Murray & Roberts shares plummet 9% amid repressed market

Posted On Friday, 25 February 2011 02:00 Published by Commercial Property News
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Murray & Roberts shares continued to sink as investors took a rather dim view of its current arbitration proceedings, poor interim results.

Brian Bruce Murray & RobertsShares in construction group Murray & Roberts continued to sink on Thursday as investors took a rather dim view of its current arbitration proceedings, poor interim results, an outgoing CEO and the repressed state of the local construction market.

By 3.45pmpm shares in the group had declined R2.54 or 9.27% to R24.87, from a one-year high of R48.45, which was achieved in April last year.

On Wednesday, the group reported a diluted headline loss per share of 177 cents for the six months ended December 2010, from diluted headline earnings per share of 200 cents previously.

It noted an attributable loss of R636 million, from a profit of R576 million in the six months to December 31 2010, including exceptional items of R795 million and a loss on discontinued operations of R326 million, primarily relating to the rationalisation of the group's reinforcing steel operations and operating losses in Johnson Arabia.

Outgoing CE Brian Bruce said on Wednesday that the outcome of various arbitration proceedings relating to a range of complex claims on major projects remained uncertain.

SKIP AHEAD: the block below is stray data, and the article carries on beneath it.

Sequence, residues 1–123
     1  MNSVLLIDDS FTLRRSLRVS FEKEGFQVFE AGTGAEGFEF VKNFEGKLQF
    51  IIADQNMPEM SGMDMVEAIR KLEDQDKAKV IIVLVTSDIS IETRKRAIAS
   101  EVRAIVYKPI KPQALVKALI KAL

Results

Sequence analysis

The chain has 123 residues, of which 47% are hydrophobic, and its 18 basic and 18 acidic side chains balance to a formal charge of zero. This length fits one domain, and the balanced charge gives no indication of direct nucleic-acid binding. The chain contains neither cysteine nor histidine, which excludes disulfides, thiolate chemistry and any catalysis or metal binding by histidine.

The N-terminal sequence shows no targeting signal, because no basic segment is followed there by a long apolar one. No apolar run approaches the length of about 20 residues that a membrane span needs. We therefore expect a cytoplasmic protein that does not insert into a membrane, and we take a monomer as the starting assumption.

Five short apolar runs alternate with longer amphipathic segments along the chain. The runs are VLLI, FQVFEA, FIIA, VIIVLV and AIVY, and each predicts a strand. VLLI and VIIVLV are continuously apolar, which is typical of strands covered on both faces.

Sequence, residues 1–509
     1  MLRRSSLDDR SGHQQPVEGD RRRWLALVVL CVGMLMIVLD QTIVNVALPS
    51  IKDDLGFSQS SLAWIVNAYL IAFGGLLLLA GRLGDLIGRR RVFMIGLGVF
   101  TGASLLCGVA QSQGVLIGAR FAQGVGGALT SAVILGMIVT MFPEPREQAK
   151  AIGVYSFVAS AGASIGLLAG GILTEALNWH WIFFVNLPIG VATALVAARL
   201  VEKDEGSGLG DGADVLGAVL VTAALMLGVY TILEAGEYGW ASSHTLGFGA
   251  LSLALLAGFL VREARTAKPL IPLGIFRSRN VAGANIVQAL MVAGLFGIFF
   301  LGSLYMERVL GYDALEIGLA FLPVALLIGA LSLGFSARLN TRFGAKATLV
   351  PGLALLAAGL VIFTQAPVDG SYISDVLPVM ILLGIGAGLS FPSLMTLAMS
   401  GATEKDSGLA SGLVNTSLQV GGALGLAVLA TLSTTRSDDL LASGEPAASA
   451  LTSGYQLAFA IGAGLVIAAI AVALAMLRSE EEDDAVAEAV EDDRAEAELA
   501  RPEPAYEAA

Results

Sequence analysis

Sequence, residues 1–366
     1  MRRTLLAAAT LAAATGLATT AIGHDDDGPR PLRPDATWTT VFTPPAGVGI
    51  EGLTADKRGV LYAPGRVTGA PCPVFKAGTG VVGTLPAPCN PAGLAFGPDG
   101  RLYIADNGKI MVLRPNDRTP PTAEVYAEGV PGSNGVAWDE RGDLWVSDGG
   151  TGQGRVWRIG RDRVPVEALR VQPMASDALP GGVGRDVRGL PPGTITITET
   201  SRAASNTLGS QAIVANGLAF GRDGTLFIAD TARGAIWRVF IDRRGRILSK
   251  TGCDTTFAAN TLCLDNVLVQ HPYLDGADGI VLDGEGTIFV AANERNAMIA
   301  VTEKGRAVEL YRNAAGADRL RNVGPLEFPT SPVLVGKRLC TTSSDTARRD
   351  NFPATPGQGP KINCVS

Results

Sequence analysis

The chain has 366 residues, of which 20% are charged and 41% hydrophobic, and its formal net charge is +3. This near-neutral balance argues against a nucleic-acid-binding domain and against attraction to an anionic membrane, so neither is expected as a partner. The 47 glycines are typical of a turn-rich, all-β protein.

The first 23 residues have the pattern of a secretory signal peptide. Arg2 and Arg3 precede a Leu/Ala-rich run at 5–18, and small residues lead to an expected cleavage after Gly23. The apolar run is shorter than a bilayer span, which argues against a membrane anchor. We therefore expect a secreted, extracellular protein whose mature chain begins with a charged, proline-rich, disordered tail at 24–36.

Major projects alluded to include the Gautrain system, Eskom's Medupi and Kusile power stations and the Dubai International Airport.

Murray & Roberts is also facing potential fines for collusive behaviour as the Competition Commission begins its investigation into the industry.

Speaking at the group's results presentation on Thursday in Sandton, Johannesburg, Bruce said that any collusive practice by the group had ceased in 2003-2004. "To date we have gotten leniency in all of our cases. The mindset of Murray & Roberts is non-collusive."

The CEO noted, however, that the group had made some calculations about any potential costs it may incur, and had set aside provisions for any potential fines. "We don't expect a fine unless it for something we do not know about," he said.

A local equities analyst also cast doubt over the timing of Bruce's departure. He said that Bruce had been "paroled out", having initially planned his retirement in 2009.

He added that while the group's forward order book looked "ok", its overhanging legal issues and project woes painted a bleak picture going forward.

Bruce and financial director Roger Rees will retire at the end of the current financial year. Bruce would have served 11 years at the helm.

The board said succession plans were already in place, having identified at least two potential internal successors. It added that its net had been spread externally and abroad.

Looking at the local market, Bruce said: "We have gone into a very rapid depression post the World Cup. The South African market is very tough. There is a dearth of new projects in the market place."

Bruce added that the group's local order book was still dominated by its power programme, compounded by the fact that the value of projects was also in decline. He said that the work tendered for and converted to its order book for the six months up to December 2010, had declined to 17%.

"Murray & Roberts needs a 25%-26% success ration. If you are a predator, your success rate should be one in four."

Last modified on Friday, 28 June 2013 01:46

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